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G20 Summit: Russia, US end talks without agreement on Syrian war

Speed News Desk | Updated on: 11 February 2017, 6:43 IST

Top diplomats from the United States and Russia, on 5 September, failed to reach a deal to halt fighting in Syria, US officials said.

According to a report in NDTV, a senior State Department official said a fresh round of crisis talks between Secretary of State John Kerry and Russian Foreign Minister Sergei Lavrov on the margins of the G20 summit in China had ended without agreement.

In the five-year conflict, Washington and Moscow support opposing sides, which has killed around 300,000 people. US officials had hoped to build pressure on Moscow over its support for Assad's government during the Hangzhou summit and upcoming UN General Assembly. Washington has repeatedly said that Assad must step down in order for a lasting peace deal.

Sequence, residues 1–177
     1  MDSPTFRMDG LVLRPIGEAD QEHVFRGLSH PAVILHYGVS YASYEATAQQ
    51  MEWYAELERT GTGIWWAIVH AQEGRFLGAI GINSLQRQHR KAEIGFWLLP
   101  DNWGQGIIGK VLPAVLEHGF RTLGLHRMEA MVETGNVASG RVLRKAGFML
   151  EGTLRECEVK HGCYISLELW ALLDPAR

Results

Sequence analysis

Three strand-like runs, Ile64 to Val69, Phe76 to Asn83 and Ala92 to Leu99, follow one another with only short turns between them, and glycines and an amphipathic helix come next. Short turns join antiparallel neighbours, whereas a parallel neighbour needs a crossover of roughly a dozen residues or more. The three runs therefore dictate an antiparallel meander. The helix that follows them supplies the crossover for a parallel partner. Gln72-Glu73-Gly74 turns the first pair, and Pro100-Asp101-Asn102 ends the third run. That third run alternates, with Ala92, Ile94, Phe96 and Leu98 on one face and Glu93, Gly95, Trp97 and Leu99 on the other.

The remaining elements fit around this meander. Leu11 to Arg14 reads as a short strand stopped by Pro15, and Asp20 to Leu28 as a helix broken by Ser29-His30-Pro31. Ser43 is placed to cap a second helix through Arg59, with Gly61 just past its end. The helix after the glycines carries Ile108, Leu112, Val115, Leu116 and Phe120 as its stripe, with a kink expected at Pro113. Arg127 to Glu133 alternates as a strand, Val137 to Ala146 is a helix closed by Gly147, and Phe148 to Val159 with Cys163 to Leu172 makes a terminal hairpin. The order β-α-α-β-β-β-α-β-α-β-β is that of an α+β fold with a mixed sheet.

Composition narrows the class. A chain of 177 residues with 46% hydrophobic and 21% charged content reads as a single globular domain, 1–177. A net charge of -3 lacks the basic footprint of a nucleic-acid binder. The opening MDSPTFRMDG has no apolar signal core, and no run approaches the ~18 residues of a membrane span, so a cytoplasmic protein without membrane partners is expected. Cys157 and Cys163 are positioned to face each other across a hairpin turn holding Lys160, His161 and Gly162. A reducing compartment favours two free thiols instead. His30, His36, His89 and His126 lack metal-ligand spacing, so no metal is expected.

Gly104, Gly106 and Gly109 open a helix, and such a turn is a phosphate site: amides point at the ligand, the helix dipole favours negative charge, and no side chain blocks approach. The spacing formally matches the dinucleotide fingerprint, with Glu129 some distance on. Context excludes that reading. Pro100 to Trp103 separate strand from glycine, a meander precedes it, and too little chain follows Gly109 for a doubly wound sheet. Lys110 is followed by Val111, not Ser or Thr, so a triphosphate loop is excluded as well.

Russia was accused of backtracking on agreed issues which Washington refused to revisit, NDTV reported.

Presidents Barack Obama and Vladimir Putin also met on the sidelines of the G20 summit in the Chinese city of Hangzhou, but it was clear that would try to revive the talks.

An international news agency quoted Obama as saying, "Our conversations with the Russians are key because if it were not for the Russians, then Assad and the regime would not be able to sustain its offensive."

"But it is worth trying. To the extent that there are children and women and innocent civilians who can get food and medical supplies and get some relief from the constant terror of bombings, that's worth the effort."

But, when it comes to official talks, Obama refused have a meeting with Putin. However, Obama would rather talk with him in "pull-asides" at closed multilateral meetings.

National Security Council spokesman Ned Prince, "The President is taking part in a pull-aside with President Putin of Russia. We expect to provide additional details of their discussion later today," an international news agency quoted him as saying.

The failure to reach a deal is likely to heap pressure on Obama over his handling of the war in Syria.

First published: 5 September 2016, 2:08 IST
 
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